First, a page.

The Sentinel Reports: School system initiates new concussion protocols and procedures

OXON HILL— Concussions have become one of the biggest issues in sports across the nation and now Prince George’s County is looking to become a leader in prevention and protocol.

The county school system has implemented an advanced concussion management system called XLNTbrain Sport in order to prevent and detect concussions that coaches and officials hope will help students return to the classroom and the field.

“A lot of communities and a lot of schools feel like ‘If I give my athlete a sheet of paper with concussion facts and tell them Johnny can’t play football on Friday unless your parents sign it’, that is concussion education for them,” Harry Kerasidis, the developer of the protocol, said. “Similarly, a lot of schools feel like doing a baseline test is sufficient to have something called a concussion management program, but a concussion management program really needs to be comprehensive. It needs to integrate the people and the tools involved in caring for concussed athletes.”

Kerasidis said a lot of focus is put on baseline testing for concussions, but the athletes needs to be monitored and taken care of even after the baseline tests are completed. Athletes also need to be aware of the symptoms of concussions, Kerasidis said, so they are able to spot and prevent them.

“An athlete will sign up and the very first thing they get is a 10-minute concussion awareness educational activity,” Kerasidis said. “Not only do they have to watch it, but they have to pass a quiz afterwards demonstrating that they really did get some education on concussion awareness.”

Kerasidis said the coaches and parents also participate in an activity and take an assessment so they are made more aware of concussions as well. Then, Kerasidis said, athletes go into a memory, thinking and reaction time baseline test in case they do happen to suffer from a concussion throughout the season.

The program also comes with a phone app, Kerasidis said, that will enable people to pull a possible concussed athlete to the side and guide them in a step-by-step process to test for concussions.

There are also measures that athletes have to take in order to test whether they can return to the classroom and return to playing their respective sports, Kerasidis said. If they are not ready to return to school, their health care provider has the option of providing them with an academic care plan that allows the athlete to come back to school with a combination helping them return to the learning process.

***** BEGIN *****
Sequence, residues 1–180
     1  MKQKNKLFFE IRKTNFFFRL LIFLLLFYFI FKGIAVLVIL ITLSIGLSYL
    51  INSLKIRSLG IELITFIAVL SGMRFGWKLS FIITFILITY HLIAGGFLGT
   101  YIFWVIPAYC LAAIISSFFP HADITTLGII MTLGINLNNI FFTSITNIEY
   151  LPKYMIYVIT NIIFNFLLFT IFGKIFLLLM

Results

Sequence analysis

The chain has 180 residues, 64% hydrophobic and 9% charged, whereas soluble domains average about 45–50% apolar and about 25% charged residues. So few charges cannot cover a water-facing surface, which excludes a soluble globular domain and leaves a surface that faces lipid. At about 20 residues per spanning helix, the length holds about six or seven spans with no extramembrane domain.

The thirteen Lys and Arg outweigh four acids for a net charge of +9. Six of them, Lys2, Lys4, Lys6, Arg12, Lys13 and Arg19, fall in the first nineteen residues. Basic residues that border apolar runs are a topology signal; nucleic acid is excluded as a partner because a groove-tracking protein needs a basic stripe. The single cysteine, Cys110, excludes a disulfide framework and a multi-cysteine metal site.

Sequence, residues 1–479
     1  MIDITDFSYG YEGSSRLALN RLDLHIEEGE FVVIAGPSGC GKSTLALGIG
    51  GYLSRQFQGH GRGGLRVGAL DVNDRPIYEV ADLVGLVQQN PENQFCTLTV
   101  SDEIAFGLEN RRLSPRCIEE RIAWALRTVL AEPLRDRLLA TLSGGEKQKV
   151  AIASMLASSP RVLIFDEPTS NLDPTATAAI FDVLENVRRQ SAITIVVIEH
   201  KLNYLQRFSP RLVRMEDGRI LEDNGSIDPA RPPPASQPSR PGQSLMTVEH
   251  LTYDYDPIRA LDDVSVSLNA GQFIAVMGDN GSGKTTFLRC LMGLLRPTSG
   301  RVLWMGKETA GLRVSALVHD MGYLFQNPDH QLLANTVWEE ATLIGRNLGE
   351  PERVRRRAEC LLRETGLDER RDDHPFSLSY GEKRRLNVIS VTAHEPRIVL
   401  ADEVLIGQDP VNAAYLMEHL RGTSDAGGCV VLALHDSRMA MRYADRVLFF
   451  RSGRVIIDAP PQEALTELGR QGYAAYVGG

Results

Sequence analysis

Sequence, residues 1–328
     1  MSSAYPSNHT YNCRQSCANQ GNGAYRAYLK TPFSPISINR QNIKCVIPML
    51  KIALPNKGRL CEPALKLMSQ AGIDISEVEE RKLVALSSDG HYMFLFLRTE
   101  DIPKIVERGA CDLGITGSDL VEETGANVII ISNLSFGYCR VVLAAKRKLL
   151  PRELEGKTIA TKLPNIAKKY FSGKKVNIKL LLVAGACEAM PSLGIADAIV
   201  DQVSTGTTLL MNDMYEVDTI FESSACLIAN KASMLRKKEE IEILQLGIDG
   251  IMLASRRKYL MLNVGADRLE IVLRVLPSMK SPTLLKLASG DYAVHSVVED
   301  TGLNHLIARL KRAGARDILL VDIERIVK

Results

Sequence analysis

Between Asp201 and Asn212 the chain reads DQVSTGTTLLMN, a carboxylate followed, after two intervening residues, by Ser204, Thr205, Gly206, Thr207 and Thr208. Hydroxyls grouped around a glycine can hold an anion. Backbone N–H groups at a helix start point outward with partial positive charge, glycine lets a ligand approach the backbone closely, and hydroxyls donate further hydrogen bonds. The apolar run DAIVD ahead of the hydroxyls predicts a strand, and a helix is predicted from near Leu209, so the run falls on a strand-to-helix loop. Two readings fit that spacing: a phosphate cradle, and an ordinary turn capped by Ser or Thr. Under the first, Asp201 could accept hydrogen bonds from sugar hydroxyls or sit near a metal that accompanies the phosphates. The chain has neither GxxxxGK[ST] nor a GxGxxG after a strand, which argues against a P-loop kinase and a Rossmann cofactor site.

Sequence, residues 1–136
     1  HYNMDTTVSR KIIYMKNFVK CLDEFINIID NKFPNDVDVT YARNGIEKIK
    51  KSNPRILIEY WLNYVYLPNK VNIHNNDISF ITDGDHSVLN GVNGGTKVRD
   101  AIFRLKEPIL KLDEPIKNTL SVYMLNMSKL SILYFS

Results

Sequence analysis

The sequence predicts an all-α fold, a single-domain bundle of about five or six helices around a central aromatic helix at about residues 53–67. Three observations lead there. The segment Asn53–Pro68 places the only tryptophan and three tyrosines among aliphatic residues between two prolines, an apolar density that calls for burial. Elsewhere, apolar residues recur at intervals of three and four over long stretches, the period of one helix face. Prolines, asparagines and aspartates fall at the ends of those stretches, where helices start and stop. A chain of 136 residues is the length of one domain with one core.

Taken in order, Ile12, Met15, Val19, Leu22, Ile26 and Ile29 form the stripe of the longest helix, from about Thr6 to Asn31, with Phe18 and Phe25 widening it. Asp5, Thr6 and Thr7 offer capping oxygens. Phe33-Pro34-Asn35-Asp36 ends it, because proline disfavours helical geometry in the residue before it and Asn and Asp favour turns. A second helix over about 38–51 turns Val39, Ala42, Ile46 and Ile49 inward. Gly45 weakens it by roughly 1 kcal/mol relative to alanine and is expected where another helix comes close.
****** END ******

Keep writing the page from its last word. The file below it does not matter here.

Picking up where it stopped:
Robert Harris, head football coach at Surrattsville high school, said he has not had to deal with concussions yet this season, but the protocol gives him a procedure to use and provides him with essential baseline testing used to identify when a player has been concussed.

“We didn’t have to really use the follow up with it since we’ve had it,” Harris said. “At least we know we have a baseline measurement, so that if something does happen, they’ve already been tested to know where they should be under normal circumstances.”

The baseline measurement is essential for being preventative, Harris said, and the county has been proactive in its approach to dealing with concussions.

“In order to be preventative you have to be proactive,” Harris said. “The county has done that in a tremendous way through all the sports. All the sports have taken it. You just never know.”

Earl Hawkins, Prince George’s County Public Schools athletic director, said the new protocol educates students and the parents, which decreases the load on athletic directors and coaches.

Hawkins said the protocol sets a standard for the students before they have concussions so they will have a means of knowing when they are ready to return to play.

“The medical care provider that they choose has a resource to use to see where (the player) was prior to a concussion,” Hawkins said. “It’s definitely a benefit to that medical care provider to have so they know when (the player) is safe to return back.”

Before adopting XLNTbrain Sport’s protocol, Hawkins said, the county did everything by hand when it came to concussions.

“All the parents were notified in the parent packet,” Hawkins said. “And we did not have baseline testing.”

Hawkins said the service was voluntary last year but became mandatory in the winter and spring as the protocol yielded positive results.

“Really, this is the first full year,” Hawkins said. “Right now we still have some kinks to work out, but it’s going pretty well.”

Hawkins said the athletes have been receptive to the protocol. Hawkins said the county is still working out kinks to the policy, and will continue to make adjustments and improvements down the road.

“We are trying to do some more with this program,” Hawkins said. “The XLNTbrain program is only the beginning of what we’re trying to do.”


Originally published Oct. 15, 2014 by Michael Sykes, The Sentinel